Yes, I did intend to include a yield in the loop, thanks for the clarification!

samsartor

comment created time in 20 days

PullRequestReviewEvent

pull request commentrust-lang/rust

Make Box<dyn FnOnce> respect self alignment

Did this also fix https://github.com/rust-lang/rust/issues/61042?

spastorino

comment created time in 20 days

Pull request review commentrust-lang/lang-team

Coroutine design notes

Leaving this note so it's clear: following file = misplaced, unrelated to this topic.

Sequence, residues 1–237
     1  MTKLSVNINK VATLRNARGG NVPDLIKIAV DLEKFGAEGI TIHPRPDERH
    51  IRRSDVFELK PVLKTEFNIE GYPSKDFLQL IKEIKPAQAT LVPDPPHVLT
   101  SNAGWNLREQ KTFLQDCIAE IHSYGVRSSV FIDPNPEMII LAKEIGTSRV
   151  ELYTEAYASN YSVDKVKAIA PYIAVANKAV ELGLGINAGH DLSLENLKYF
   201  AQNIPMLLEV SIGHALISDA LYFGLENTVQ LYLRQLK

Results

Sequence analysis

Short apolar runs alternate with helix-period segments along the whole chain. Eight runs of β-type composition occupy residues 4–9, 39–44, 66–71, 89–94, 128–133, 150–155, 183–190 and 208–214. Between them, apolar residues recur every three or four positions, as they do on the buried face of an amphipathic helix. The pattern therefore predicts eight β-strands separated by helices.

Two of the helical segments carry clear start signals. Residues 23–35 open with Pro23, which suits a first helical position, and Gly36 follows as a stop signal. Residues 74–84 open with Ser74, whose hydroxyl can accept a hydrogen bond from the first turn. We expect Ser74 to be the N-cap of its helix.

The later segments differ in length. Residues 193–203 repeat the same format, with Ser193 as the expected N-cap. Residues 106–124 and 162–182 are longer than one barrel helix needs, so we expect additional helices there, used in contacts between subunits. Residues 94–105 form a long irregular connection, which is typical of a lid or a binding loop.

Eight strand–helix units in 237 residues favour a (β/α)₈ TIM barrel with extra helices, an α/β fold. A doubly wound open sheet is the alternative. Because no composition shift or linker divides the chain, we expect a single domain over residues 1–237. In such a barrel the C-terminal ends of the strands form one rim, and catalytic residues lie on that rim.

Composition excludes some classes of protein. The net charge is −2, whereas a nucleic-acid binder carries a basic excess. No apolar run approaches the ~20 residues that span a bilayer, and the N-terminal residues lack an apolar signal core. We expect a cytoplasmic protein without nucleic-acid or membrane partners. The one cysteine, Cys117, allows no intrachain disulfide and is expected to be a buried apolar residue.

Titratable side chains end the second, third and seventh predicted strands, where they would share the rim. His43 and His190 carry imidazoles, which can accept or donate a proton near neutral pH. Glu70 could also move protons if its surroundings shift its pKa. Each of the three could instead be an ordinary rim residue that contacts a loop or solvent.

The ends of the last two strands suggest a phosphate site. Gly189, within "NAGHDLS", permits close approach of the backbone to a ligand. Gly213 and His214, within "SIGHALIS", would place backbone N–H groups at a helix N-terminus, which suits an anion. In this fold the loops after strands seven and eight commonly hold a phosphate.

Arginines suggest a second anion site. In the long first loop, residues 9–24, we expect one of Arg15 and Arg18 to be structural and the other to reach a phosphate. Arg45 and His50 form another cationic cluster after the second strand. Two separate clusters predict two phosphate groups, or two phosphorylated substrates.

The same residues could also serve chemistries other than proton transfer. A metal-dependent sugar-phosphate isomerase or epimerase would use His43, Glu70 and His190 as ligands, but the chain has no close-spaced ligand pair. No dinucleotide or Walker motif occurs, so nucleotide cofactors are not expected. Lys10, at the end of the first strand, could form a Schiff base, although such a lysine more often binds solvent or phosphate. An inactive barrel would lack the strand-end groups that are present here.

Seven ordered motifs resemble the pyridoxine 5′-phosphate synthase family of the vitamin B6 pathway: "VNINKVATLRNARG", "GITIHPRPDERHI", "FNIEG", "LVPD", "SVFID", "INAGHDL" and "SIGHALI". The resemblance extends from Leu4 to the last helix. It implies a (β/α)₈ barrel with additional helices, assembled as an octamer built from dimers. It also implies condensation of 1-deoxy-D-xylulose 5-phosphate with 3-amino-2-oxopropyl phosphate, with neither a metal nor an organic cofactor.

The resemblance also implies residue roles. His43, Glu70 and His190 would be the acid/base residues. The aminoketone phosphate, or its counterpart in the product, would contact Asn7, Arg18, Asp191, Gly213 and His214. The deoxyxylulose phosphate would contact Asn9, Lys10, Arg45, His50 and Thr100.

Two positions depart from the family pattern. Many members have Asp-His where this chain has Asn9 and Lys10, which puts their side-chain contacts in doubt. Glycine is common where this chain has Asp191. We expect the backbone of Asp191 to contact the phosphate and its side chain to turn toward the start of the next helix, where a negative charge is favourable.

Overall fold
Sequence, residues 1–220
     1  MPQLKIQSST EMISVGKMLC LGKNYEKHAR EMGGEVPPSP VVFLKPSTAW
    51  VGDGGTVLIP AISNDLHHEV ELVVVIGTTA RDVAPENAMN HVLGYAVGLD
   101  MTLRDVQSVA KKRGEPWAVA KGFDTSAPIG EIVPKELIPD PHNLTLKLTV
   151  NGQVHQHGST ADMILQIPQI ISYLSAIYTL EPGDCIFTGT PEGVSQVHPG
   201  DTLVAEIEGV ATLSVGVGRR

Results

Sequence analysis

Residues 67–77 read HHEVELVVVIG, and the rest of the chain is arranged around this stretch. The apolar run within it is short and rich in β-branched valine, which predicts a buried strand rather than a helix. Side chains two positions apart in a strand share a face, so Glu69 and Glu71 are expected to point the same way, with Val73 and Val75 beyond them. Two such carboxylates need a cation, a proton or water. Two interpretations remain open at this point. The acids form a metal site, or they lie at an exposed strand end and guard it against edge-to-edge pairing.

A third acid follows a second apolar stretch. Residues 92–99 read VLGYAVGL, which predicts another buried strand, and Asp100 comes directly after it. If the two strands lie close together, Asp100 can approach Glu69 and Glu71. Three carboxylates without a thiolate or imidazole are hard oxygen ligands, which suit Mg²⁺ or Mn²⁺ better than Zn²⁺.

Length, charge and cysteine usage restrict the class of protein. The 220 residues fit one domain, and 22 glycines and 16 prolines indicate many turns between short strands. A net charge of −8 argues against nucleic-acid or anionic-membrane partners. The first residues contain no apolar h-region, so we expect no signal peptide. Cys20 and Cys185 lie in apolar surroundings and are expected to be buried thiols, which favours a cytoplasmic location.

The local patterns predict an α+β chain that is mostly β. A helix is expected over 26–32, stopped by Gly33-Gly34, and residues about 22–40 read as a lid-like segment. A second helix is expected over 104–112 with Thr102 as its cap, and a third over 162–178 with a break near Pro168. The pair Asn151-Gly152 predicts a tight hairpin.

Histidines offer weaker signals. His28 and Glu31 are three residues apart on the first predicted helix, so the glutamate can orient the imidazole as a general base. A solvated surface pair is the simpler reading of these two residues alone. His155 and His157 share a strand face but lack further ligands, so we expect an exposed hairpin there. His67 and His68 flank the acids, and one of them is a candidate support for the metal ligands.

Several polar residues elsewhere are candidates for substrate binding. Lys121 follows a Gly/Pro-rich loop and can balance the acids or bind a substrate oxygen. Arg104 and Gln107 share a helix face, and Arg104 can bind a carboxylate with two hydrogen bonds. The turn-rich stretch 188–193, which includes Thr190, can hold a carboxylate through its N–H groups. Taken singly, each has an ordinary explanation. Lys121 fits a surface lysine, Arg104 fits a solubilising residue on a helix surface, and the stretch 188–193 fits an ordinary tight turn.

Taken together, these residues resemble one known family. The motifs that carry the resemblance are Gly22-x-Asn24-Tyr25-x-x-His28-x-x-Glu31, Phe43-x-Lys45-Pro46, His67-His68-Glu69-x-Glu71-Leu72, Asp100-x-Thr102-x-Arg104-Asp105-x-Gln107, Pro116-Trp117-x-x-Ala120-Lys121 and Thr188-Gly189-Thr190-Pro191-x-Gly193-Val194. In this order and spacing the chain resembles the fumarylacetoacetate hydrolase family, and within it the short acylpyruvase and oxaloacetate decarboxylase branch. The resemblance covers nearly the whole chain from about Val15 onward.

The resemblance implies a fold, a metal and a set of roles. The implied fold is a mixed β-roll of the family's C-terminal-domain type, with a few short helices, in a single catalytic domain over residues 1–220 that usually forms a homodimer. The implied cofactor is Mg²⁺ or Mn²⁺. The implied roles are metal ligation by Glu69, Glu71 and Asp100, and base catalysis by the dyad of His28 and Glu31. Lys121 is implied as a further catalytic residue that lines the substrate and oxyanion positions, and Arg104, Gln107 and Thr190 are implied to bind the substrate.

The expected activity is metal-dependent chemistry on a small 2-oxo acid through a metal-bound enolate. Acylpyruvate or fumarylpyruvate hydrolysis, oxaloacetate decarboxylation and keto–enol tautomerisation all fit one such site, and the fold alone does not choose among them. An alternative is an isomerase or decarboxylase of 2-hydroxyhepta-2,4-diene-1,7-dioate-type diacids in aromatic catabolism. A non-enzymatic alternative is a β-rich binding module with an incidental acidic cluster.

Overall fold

+# Generalized coroutines++Since even before Rust 1.0, users have desired the ability to `yield` like in+other languages. The compiler infrastructure to achieve this, along with an+unstable syntax, have existed for a while now. But despite *a lot* of debate,+we've failed to polish the feature up enough to stabilize it. I've tried to+write up a summary of the different design considerations and the past debate+around them below:++## Coroutines vs Generators++- The distinction between a "coroutine" and a "generator" can be a bit vague,+  varying from one discussion to the next.+- In these notes a generator is anything which *directly* implements `Iterator`+  or `Stream` while a coroutine is anything which can take arbitrary input,+  yield arbitrary output, and later resume execution at the previous yield.+- Thus, the "generator" syntax proposed in [eRFC-2033][1] and currently+  implemented behind the "generator" feature is actually a coroutine syntax for+  the sake of these notes, *not a true generator*.+- Note also that "coroutines" here are really "semicoroutines" since they can+  only yield back to their caller.+- Generators are a specialization of coroutines.+- I will continue to group the [original eRFC text][1] and the later [generator+  resume arguments](https://github.com/rust-lang/rust/pull/68524) extension+  togther as "[eRFC-2033][1]". That way I only have 3 big proposals to deal+  with.++```rust+// This is a coroutine+|stuff| {+  yield stuff + 1;+  yield stuff + 2;+  return stuff + 3;+}++// This is a generator+stream! {+  yield 1;+  yield 2;+  yield 3;+}+```++## Coroutine trait++- The coroutine syntax must produce implementations of some trait.+- [RFC-2781][2] and [eRFC-2033][1] propose the `Generator` trait.+- Note that Rust's coroutines and subroutines look the same from the outside:+  take input, mutate state, produce output.+- Thus, [MCP-49][3] proposes using the `Fn*` traits instead, including a new+  `FnPin` for immovable coroutines.+  - Hierarchy: `Fn` is `FnMut + Unpin` is `FnPin` is `FnOnce`.+    - May not be *required* at the trait level (someone may someday find a use+      to implementing `FnMut + !FnPin`) but all closures implement the traits in+      this order.++## Coroutine syntax++- The closure syntax is reused for coroutines by [eRFC-2033][1], [RFC-2781][2],+  and [MCP-49][3].+- Commentators have suggested that the differences between coroutines and+  closures under [eRFC-2033][1] and [RFC-2781][2] justify an entirely distinct+  syntax to reduce confusion.+- [MCP-49][3] fully reuses the *semantics* of closures, greatly simplifying the+  design space and making the shared syntax obvious.++## Taking input